• BeatTheSeasons October 21, 2015, 10:11 pm

    3. Transfer your BTL property to your basic rate taxpaying spouse so tax on profits is only paid at 20% instead of 40%

    4. Hold the property in equal shares and sell the property during her maternity leave when the rest of her income is very low in order to minimise capital gains tax.

    5. Choose a home for yourself that is larger than you need or on a large plot and then rent out an annexe to take advantage of the newly increased £7,500 pa tax free rent-a-room scheme whilst retaining your privacy by not sharing the same entrance.

    6. If your house needs lots of non-capital work doing on it like a new boiler, replacement double glazing and carpets, move out for a year and, while you’re renting it out to tenants, get all the work done and claim it as a tax deduction against the rest of your rental income.

    • Under The Money Tree October 27, 2015, 8:42 am


      All great ideas – thanks for sharing. However 3 and 4 can only really work if you’re buying a new rental…transferring existing assets is treated like a sale form a tax perspective so you need to be extra vigilant of capital gains liabilities if like me you’ve held the property a while and have reasonable equity at stake.

      I like the idea of 5…maybe I should convert the garage and charge the mother in law an extortionate rent 😉

      • BeatTheSeasons October 29, 2015, 10:00 am

        I think you can transfer assets between spouses without a capital gains tax liability. Stamp duty should be limited to 50% of the outstanding mortgage balance. Do your own research!

  • BeatTheSeasons October 21, 2015, 10:17 pm

    7. Don’t submit any tax returns for 20 years to avoid paying any tax at all and then tell HMRC you don’t have any assets or income:

    • Under The Money Tree October 27, 2015, 8:43 am

      That’s a high risk strategy…though seemingly lucrative if you get away with it!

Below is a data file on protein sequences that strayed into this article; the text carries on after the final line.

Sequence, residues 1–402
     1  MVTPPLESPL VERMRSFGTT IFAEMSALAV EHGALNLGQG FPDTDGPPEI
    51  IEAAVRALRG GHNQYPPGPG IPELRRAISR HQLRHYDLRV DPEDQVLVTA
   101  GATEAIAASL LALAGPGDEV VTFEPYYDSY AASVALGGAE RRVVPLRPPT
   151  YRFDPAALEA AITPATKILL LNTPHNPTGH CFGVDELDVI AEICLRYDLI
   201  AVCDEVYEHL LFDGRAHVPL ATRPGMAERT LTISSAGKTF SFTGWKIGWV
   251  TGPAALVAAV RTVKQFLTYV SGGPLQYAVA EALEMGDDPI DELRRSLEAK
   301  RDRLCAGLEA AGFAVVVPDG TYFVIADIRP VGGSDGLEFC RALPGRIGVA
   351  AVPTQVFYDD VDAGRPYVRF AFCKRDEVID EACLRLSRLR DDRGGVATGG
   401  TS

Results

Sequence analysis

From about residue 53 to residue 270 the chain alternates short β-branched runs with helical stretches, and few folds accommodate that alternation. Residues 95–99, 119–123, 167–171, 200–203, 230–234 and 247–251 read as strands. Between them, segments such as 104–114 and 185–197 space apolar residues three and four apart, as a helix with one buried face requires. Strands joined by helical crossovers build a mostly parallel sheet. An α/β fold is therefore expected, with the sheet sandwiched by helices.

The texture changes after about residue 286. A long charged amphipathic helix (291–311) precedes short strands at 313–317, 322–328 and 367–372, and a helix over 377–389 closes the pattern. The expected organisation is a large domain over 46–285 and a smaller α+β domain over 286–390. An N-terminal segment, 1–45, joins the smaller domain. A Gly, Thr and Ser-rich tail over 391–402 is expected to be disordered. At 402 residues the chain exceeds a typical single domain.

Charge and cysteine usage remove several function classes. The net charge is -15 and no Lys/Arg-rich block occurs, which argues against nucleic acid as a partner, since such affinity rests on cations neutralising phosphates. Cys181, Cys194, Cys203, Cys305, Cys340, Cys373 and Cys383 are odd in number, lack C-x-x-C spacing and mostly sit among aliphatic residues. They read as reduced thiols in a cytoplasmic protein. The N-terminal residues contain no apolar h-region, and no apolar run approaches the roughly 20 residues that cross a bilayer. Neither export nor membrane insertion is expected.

• James October 25, 2015, 7:57 pm

    This is a great idea! However, doesn’t a £1k pension contribution become £1.25k not £1.2k?
    £1250*0.8 = £1000.

  • Faustus October 28, 2015, 8:38 pm

    The good news is I think that £1k contribution should become £1.25k in your pension with your basic rate tax added (i.e. you will have contributed 80% of the total), and if a higher rate tax payer then HMRC will give you back another £250 via your Self Assessment (i.e. 20% of the total) – meaning that you will have only in effect given £750 post-tax income to get £1.25k in your pension (i.e. 60% of the total).

    The bad news is there are also those baying for the blood of higher rate taxpayers getting pension tax relief, and lots of media speculation that this will shortly disappear or be significantly reduced. So beware that this route might not be open for much longer.

    • Under The Money Tree October 29, 2015, 9:36 am


      You’re both correct here. A £1,000 contribution gets topped up to £1,250 by the pension provider and you can claim back the remainder from HMRC via your tax return. As mentioned I’m taking advantage of this tax relief now while it lasts!

      • Stephen Francis January 13, 2016, 8:38 pm

        Pension contributions are a good idea but only is respect of relevant earnings. B2L income is considered as investment income so are not relevant earnings for pension contributions. Now down to only £40k annual allowance and LTA is down to only £1m from April 2016. Boxed in from all directions.